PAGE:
"What - for charity?"
"No - just walking. But you can tell me something. Your trailer. You gather seaweed right?"
"I don't do the seaweed. I'm a fisheries officer. Right, so you're coming or not? I've got to find that board and beat the tide back to the Bluff."
"Why?" I said, "do they gather seaweed?"
"It's not the seaweed," he said, "It's the mussels." Then he was gone.
I walked on up to Pukekura Stream and waited. I didn't want to know about the seaweed any more, I wanted to know about the mussels. And I was sick of walking. I watched the birds. When you're trudging into the featureless distance of the Ninety Mile, it's the dark surge marks of the tide, reaching in places right across the white sand, that are the fata morgana of the beach. They look like the stream that's marked on your map and you want fervently for them to be the stream that's marked on your map, but they never are.
The real fresh-water streams are always heralded by birds. A covey of small black-headed terns and two big Caspian Terns had ushered me into Te Paki. At Pukekura it was black-backed gulls, two pied stilts, shy birds with a cry as thin and red as their legs, and three black oyster catchers, busy with their stick-like orange beaks blind-tapping their way around the shallows.
Twenty minutes later the ute re-emerged from the afternoon haze, and I flagged it down.
"Okay," beamed the driver. "So sling that pack in the back - you want a ride."
"No, I want to know about the beach. I want to know what I'm walking through. I want the stories."
"You want someone who knows the beach? Warren Brown's your man. He's up at the bluff right now, fishing. He's Ngati Kuri. He was born in Te Hapua, went to school here, lives here, he knows about this place like no-one else. Hop in, I'll take you up."
On his particular patch of desert, this guy had the strategic skills of a Field Marshal Rommel.
"Look - " I introduced myself and said - "What's your name?"
"West - I'd love to come up to the Bluff and talk to Warren Brown, but I can't. I've got to walk the beach."
"Your feet have to touch the sand the whole way right?"
"You've got it."
"Okay - sit on the trailer, hang your feet out the back and make sure they're scraping the beach all the way to the Bluff."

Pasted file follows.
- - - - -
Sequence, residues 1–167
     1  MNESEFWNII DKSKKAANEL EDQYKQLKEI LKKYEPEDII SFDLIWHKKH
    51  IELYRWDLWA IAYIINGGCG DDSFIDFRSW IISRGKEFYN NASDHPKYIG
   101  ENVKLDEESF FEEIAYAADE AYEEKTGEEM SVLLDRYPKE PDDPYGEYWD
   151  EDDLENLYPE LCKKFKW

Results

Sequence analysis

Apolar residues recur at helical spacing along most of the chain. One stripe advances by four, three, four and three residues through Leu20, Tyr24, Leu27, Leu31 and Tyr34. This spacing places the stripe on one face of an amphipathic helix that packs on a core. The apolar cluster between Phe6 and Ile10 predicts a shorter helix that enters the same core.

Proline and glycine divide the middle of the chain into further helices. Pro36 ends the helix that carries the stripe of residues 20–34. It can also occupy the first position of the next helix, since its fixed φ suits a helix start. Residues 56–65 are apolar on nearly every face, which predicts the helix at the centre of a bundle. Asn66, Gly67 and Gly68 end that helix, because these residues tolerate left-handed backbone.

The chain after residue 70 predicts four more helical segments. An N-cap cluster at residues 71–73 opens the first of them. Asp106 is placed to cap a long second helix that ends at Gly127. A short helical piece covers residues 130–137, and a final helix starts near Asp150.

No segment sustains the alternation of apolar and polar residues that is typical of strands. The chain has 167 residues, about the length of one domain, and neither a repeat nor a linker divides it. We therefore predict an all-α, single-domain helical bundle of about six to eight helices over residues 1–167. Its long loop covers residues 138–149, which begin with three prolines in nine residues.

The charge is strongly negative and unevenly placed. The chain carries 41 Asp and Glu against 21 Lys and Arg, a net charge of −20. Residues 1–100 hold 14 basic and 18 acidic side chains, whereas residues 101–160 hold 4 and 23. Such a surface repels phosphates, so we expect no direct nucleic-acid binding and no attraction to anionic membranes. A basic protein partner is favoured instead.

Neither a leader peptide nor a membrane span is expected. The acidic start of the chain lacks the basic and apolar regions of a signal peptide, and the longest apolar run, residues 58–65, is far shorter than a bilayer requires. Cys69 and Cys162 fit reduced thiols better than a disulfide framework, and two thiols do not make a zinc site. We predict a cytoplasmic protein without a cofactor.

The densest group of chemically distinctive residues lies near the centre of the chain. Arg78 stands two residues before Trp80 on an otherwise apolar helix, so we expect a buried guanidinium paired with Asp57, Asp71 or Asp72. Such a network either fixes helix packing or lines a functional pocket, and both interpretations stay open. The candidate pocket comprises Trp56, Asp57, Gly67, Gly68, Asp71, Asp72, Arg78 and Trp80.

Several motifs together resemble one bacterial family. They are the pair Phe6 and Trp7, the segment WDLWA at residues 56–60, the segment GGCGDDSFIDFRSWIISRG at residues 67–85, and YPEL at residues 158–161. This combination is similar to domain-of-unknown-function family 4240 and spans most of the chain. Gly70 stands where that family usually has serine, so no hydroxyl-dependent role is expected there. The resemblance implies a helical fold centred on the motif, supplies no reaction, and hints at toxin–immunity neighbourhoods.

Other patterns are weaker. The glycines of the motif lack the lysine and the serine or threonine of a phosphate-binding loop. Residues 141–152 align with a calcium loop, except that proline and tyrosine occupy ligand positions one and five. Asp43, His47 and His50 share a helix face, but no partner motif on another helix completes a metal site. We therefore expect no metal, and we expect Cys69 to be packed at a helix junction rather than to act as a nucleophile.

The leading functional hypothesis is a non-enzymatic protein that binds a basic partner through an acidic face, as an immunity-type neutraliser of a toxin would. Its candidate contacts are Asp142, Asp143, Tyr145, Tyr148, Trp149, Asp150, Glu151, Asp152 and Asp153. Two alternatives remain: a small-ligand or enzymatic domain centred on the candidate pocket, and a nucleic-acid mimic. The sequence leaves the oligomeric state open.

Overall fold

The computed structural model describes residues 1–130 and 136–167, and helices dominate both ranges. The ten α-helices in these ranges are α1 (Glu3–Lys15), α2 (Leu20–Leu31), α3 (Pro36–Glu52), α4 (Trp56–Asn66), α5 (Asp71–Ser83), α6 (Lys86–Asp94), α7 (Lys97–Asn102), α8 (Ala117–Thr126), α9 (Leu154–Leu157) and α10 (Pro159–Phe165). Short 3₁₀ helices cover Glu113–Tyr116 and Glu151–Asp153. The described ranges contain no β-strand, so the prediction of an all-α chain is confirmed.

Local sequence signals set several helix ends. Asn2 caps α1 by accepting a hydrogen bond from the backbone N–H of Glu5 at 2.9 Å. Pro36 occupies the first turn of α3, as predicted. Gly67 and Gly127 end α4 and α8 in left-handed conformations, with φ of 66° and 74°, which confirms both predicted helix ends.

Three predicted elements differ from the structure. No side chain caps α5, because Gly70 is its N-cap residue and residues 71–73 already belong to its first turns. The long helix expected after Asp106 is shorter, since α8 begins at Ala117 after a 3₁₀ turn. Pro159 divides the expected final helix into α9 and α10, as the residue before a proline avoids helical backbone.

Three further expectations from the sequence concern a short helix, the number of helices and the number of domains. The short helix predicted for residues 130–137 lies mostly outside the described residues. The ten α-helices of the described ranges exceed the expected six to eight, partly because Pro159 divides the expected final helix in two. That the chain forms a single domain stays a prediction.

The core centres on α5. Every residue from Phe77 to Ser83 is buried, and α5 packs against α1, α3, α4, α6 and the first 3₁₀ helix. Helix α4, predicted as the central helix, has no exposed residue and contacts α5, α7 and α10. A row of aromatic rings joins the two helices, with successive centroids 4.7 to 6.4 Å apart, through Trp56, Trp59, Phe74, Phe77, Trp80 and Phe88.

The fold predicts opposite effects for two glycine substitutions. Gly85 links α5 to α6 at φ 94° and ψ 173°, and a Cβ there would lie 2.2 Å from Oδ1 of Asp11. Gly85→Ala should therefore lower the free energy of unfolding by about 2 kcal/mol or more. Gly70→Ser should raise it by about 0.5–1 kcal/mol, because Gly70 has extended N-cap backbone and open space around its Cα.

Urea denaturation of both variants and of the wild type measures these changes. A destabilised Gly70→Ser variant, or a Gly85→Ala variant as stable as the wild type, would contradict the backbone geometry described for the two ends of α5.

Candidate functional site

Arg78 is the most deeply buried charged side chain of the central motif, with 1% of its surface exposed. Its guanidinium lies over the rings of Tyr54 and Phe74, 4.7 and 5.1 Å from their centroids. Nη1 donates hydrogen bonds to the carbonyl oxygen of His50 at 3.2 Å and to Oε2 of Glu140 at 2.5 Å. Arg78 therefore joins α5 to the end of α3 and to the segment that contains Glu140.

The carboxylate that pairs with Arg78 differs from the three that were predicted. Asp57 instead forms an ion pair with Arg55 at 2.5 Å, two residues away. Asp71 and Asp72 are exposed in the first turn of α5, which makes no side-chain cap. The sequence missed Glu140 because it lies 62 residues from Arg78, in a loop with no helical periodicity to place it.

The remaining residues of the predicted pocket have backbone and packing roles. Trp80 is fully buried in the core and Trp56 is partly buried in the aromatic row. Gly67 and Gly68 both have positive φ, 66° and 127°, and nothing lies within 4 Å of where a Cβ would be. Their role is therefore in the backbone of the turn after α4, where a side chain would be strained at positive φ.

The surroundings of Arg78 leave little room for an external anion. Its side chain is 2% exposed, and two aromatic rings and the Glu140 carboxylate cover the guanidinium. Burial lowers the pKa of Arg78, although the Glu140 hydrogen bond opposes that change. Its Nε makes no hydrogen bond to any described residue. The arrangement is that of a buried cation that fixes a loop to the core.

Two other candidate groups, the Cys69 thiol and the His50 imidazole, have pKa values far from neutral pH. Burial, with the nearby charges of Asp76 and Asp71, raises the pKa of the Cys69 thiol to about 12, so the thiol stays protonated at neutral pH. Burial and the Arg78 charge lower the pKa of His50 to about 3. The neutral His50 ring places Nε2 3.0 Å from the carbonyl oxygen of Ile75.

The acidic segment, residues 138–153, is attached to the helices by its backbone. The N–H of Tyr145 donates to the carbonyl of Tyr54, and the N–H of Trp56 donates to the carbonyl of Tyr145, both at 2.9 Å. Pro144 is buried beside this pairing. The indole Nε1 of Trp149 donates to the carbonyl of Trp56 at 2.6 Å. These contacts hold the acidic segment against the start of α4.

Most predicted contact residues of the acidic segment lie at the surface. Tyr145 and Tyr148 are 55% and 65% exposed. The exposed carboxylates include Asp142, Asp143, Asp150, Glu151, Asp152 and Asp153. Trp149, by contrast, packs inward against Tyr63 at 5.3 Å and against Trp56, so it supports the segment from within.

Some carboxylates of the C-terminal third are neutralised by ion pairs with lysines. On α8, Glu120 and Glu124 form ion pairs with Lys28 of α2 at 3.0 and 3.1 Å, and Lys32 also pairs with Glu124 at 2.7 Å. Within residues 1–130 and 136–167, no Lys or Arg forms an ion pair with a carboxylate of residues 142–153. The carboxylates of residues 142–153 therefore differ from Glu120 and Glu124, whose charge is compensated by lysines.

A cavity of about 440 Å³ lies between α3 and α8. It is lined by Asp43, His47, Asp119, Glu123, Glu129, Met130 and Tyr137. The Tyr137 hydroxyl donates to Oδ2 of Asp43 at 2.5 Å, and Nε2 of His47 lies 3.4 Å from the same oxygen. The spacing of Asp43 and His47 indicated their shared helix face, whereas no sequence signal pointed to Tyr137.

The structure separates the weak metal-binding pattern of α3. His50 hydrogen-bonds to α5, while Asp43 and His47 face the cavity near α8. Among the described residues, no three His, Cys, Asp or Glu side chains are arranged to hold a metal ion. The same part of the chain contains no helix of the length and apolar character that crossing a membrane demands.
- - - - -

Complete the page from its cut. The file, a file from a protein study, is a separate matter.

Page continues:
The tide was surging in, and it left little time to talk. But I wanted at least to know about the mussels.
"Mussel spat," said Hill. "It's in that weed, and they freight it at top speed down to the South Island mussel farms. It's big money - the rumour was one guy made $80,000 in a month."
Fisheries officer West Hill
West Hill patrolled Ninety Mile Beach, checking the catches of the half-dozen commercial fishing vessels that put out from distant Ahipara, checking the paua divers that come out from Kaitaia, and the bag limits of the non-commercial surf-casters who set up anywhere along the beach. Or, he was turning his radar onto the big trawlers that came up from the south, checking that regulation nautical mile between them and high water mark.
"And we guard the toheroas. They're about half way down the beach. It's prohibited to take them, but everyone does, and we catch them. A $500 fine. This beach - I love it. The way the trees come down to the edge of the dunes. The wild horses. They've been out today, I've seen their hoof-prints on the sand. Fishing - you can get snapper, kahawai, mullet ... And in February, there's the fishing contest. That's a big one - $50,000 first prize, maybe 1000 anglers up here then, and you can win a vehicle as well."
He said goodbye, and I gave up for the day. The sky looked threatening and after I'd found a campsite upstream, I hammered extra lengths of wood around the tent. That night I awoke in total blackness. The rain, that had been pleasantly tack-tack-tacking on the fly when I went to sleep was belting against it now. The tent bucked and heaved, and the wind became more and more violent. I packed up my gear. The jerking tent floor knocked over the candle lantern - its flame enclosed against any contact with flammable material, but not entirely enclosed - and I had a brief moment of realising how easily, if this were a real cyclonic wind, and one made certain key mistakes, the thin fabric that keeps us safe might just rip away. I fell asleep later and when I checked in the morning, not a single tent-peg had been extracted or even loosened by the storm. Darkness perhaps exaggerates fear. Only the Leki sticks - stuck in the ground outside because of the damage their steel tips could do to the tent floor and now fallen over each other like exhausted children - gave any evidence of a rough night.